When Norwegian neuroscientist May-Britt Moser received the Nobel Prize for Medicine last month, she attended the awards ceremony in Stockholm wearing a very special dress! London designer Matthew Hubble, who designs science-inspired clothing for women, created a dress with a pattern inspired by the neurons that Moser researched to win the prize. The result is a wonderful testament to the beauty of science — and a unique way to honor the accomplishments of this amazing scientist!
Moser won the Nobel Prize for her work on the spatial reasoning capacity of the human brain. She, along with her husband Edvard Moser and colleague John O’Keefe, with whom she share the prize, identified the grid cells that make up the brain’s positioning system, which they liken to an “inner GPS” that allows humans to orient themselves in space, and therefore to navigate their way through the world. Hubble decided to try to duplicate the appearance of these grid cell neurons in the pattern he would use on Moser’s dress.
Hubble began designing the dress without any idea whether Moser would wear it. He used a navy silk for the background of the grid, and sequins and beads for the dendrites and cell bodies of the neurons. When the dress was complete, Hubble took photos of it on a mannequin, e-mailed them to Moser and her husband, and held his breath. To his delight, Moser wrote back within hours: “I would be thrilled to wear it at the Nobel Prize award ceremony!”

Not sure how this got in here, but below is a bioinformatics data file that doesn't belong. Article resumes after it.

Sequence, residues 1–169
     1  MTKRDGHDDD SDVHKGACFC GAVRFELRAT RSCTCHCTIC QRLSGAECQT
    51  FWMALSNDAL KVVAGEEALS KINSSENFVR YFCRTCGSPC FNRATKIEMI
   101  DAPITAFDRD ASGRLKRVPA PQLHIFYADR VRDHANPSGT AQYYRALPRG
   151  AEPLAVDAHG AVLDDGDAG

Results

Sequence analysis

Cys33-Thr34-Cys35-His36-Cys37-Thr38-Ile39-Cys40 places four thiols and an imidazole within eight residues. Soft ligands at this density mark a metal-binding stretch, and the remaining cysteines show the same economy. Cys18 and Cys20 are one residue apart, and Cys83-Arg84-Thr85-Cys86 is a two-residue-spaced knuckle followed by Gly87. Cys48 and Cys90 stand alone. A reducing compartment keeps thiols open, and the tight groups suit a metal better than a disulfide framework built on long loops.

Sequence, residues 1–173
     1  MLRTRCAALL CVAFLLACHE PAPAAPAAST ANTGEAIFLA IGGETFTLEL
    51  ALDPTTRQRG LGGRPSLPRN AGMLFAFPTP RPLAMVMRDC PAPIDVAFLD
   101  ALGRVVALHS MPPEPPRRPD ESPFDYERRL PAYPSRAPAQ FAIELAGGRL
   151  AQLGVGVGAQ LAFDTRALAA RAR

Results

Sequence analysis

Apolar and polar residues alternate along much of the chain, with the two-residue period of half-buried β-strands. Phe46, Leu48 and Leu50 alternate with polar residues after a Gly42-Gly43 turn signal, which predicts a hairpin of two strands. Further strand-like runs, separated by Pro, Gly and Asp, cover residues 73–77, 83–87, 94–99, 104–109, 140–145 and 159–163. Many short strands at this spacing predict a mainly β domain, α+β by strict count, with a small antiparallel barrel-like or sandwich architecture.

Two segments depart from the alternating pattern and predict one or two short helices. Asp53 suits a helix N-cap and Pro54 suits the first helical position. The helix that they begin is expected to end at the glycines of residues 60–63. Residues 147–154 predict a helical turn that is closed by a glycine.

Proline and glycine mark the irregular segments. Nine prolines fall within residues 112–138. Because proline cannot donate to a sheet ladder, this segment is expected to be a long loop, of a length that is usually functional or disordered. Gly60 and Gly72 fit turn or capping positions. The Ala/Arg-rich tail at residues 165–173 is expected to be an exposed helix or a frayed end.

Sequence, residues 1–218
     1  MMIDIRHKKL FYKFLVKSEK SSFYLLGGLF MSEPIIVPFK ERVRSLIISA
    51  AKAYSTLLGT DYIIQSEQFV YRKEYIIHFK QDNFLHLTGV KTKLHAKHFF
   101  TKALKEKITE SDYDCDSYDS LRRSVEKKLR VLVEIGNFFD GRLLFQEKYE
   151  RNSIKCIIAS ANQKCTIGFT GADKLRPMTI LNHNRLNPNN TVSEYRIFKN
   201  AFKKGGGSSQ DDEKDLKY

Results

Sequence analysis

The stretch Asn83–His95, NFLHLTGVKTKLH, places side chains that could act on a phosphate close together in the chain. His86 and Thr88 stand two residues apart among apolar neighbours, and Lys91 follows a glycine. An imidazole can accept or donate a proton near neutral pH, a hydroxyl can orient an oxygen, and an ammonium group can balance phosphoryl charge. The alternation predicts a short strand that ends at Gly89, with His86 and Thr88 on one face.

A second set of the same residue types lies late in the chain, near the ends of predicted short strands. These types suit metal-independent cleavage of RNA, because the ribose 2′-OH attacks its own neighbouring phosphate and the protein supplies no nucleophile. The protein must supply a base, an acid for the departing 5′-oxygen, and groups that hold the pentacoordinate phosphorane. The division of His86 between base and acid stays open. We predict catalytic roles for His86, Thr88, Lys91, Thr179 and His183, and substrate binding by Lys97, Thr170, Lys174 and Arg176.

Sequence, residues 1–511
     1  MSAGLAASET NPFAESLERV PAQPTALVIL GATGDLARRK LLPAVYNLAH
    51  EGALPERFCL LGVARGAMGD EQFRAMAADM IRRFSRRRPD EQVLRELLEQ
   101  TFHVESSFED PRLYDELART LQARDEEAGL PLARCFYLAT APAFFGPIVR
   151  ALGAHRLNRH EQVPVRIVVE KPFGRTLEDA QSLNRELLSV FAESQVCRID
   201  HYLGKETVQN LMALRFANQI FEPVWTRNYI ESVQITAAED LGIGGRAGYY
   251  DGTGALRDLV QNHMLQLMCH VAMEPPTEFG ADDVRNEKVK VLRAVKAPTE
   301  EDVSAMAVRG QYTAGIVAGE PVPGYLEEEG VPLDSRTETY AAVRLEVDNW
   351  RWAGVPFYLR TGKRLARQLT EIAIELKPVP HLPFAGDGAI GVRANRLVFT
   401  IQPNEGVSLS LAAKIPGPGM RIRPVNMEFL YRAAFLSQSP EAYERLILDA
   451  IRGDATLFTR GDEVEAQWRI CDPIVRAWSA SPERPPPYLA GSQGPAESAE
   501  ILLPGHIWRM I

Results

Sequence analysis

Hubble’s focus on STEM and design was inspired by the idolization of film celebrities at the Oscars: “We celebrate films which have made us laugh, cry, and inspired us and somehow enriched our lives, whether it small or large impact. Then… I thought about the people who are themselves at the edge of all human knowledge and are continually pushing at the boundaries of understanding so that we can live more enriched, healthier and happier lives. Our scientists and engineers; our inventors… Here is our chance to celebrate them, the Nobel Prize awards ceremony!”
Moser was delighted when she received the dress, and it was the perfect complement to the honors she received at the Nobel Prize ceremony. As she told Scientific American, “A good designer has a lot in common with a good researcher. Both hunt for excellence and perfection. And you have to really focus on the details, and you don’t really know what the final result will be before you have it.”
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